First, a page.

For Hallowe’en …

… An interactive graphic novel.

It’s probably not for the faint of heart in education.  After all, so many have lost the term “Hallowe’en” in favour of “Black and Orange” day even though the term is used everywhere else in society.

If you’re a horror movie fan, then this weekend with Turner Classic Movies was just great.  It had been years since I enjoyed the 1931 Dracula movie with Bela Lugosi.  There was Lugosi before there was Vincent Price.  And, Vincent Price turned so many stories into masterpieces.  His efforts with Edgar Allan Poe’s stories are legend.

I have a collection of Poe’s novels on the bookshelf behind me but I’ve never seen his works in graphic novel format.  A recent post from Richard Byrne “7 Halloween Lesson Activities for Elementary School Students” turned me on to one.

The site is “The Pit and the Pendulum – Interactive Comic Book“.

If you’re a fan of Poe or the genre, the site is rich in background including details about the Spanish Inquisition which set the scene for Poe’s novel.  

There are two stars of the multimedia show here.  One is the video “The Pit and the Pendulum short film“.  The second is the graphic novel, available in PDF format from the site.

But, Doug.  I’ve heard that PDF is where good ideas go to die.

That’s a sound bite from a professional speaker.  It’s sad when a wide-sweeping generalization is made like that.  

PDF files can be so much more.

This graphic novel demonstrates that.  You could print it out, bind it, and read it.  But you’d be missing the important interactive part.

As you read through the novel, you’ll find QR Codes – you know what to do – scan them and you’ll be whisked away somewhere.  More than that, though, keep your eyes open as you read the book.  And keep your mouse moving.  

You’ll discover mouse overs that link from the novel to the web as well.  Some resolve to Vimeo videos, others to web resources.  It brings the experience alive.

It’s a wonderful merger of a great novel and technology.  You’ll absolutely want to preview it to see if it is appropriate for your classroom.  

If you want a new look at a classic, I think you’ll find it very engaging.  And, it might give you a few ideas for constructing something similar for yourself.


OTR Links 10/31/2016

Posted from Diigo. The rest of my favorite links are here.

Whatever happened to …

… Google Reader?

The idea for this post came from @mauilbrarian2 who claims in the padlet

I was a huge Google Reader fan!

Now I get by with Feedly. And bookmarked Twitter searches. And for must-see-daily topics. And to a lesser degree, Google+ notifications.  

I’d almost forgotten about Google Reader.  It was a terrific product at the time and I used it on a daily basis as well.  It was a news curator; you just feed it the feed (in the beginning RSS) and it brought the latest and greatest news to you.  Then, one day, Google announced that it was going to discontinue the service.  I suppose that the closest thing that Google provides now is Google News which does collect news stories.  And, often, there are stories that interest me.  It’s just that I’m not in complete control of what I read.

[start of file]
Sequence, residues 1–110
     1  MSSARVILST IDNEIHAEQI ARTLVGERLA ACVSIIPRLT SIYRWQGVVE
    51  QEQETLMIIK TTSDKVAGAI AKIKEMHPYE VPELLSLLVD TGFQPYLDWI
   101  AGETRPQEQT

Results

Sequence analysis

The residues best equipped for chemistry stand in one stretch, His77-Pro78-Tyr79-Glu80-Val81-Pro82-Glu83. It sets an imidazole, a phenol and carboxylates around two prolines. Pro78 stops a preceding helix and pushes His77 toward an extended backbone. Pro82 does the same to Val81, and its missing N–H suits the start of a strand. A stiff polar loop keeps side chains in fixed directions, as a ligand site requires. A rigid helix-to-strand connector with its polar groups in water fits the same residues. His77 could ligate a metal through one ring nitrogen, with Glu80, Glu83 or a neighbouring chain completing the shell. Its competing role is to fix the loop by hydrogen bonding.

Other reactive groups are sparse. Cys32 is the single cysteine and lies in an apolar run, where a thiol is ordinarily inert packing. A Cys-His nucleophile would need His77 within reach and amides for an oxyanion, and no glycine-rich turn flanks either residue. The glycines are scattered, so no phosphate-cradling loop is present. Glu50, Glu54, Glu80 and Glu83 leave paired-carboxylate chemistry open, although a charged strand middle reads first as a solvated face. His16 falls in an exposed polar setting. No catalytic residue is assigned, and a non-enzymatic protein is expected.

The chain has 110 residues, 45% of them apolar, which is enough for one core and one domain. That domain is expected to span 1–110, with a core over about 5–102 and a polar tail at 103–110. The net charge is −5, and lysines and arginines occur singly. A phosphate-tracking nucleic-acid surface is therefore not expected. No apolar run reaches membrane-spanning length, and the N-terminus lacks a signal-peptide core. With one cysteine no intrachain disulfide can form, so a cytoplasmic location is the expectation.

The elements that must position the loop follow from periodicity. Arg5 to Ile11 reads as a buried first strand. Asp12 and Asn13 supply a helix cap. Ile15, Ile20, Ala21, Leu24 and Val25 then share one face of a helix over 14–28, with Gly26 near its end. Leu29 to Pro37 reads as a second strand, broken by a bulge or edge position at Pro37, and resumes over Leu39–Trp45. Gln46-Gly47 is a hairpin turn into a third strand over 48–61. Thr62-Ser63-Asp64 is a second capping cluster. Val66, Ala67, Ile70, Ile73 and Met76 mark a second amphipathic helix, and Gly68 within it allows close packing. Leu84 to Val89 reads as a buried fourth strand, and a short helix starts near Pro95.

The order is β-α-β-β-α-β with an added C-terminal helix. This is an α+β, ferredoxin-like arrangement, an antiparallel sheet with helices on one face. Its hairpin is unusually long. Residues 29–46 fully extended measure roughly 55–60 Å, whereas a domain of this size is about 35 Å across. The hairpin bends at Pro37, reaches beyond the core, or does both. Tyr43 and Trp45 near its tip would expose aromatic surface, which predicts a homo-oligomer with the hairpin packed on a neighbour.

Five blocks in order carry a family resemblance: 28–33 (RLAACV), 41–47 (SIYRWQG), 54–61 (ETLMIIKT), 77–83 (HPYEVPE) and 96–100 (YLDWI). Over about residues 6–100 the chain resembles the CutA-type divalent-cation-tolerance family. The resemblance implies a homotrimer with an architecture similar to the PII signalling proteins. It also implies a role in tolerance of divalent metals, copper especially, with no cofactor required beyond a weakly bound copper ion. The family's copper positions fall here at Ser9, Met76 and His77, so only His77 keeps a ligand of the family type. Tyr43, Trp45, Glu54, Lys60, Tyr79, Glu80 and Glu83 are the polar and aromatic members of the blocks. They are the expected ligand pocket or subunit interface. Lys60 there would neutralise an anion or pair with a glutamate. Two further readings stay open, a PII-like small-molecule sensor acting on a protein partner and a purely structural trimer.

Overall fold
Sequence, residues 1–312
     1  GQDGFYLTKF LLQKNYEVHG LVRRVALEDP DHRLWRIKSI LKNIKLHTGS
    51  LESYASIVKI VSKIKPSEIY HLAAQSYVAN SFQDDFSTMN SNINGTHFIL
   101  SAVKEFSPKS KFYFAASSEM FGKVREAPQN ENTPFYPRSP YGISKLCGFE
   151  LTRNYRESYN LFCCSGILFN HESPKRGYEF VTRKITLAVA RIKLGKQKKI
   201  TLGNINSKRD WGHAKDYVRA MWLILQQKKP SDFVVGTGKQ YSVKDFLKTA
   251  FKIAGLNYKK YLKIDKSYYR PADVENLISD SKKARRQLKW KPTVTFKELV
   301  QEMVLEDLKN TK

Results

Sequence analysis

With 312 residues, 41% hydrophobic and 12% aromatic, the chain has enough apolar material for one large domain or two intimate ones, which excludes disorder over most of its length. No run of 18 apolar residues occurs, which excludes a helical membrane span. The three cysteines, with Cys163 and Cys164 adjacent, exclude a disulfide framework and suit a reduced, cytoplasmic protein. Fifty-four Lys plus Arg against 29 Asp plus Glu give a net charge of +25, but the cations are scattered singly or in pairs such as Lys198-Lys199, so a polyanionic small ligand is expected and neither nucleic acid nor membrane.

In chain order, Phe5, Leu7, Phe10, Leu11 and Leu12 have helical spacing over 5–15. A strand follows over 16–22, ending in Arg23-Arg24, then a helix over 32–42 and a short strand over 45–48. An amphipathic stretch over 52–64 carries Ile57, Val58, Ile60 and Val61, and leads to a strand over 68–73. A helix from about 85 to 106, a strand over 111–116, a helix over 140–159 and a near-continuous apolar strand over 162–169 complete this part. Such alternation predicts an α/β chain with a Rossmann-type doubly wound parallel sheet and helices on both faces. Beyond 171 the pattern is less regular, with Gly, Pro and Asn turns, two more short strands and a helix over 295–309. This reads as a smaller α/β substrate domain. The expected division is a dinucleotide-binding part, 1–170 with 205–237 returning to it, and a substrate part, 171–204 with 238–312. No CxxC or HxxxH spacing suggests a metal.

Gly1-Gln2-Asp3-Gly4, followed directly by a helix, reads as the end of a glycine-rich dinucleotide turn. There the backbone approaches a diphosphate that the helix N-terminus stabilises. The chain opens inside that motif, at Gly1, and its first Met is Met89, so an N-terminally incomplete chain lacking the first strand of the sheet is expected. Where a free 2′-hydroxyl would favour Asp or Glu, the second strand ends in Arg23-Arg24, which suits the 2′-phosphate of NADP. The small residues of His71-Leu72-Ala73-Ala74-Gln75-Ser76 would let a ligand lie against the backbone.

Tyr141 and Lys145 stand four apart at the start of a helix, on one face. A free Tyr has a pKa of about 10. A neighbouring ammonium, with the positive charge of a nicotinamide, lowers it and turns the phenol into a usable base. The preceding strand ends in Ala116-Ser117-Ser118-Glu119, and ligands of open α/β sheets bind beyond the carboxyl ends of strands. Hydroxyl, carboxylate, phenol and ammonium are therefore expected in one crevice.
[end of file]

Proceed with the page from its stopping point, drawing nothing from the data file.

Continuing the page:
Like @mauilbrarian2, I followed the advice given at the time of the announcement that the Reader service was going to go away and moved my collection to Feedly.  In a strange case of doing things right, by accident, I had told my instance of Flipboard to include Google Reader when I originally set it up.  Flipboard appears to have done what the move to Feedly did, it ignored the Google part and imported all the news feeds into its format.  So, in reality, I have everything that I always had with Google Reader tucked away into Flipboard.  Win for me.
Feedly is a terrific service and I had my bookmarks good to go and would add new ones as they came along.  Then, on day, Stephen Downes shared his entire list via an OPML file.  This was the holy grail of collections from my perspective.  If you follow Stephen or subscribe to his OLDaily, you know that he’s one of the most read researchers you’ll come across.  Some of the topics that he writes and offers commentary about are over my head but that’s OK.  There’s plenty of other things to read and learn from.
Similarly, I had a collection of bookmarked Twitter searches.  I think it only makes sense.  It’s here that you get news on interesting topics – as they happen.  It’s nothing for me to watch the news and do a search for a term while watching the news.  At times, I get more current results than what is being currently read to me by the news anchor.  I think it’s also important to the connected citizen that you search and monitor yourself on social media.  As a result, I have a standing search for “dougpete” and “” in my Hootsuite browser.  I don’t want to miss anything.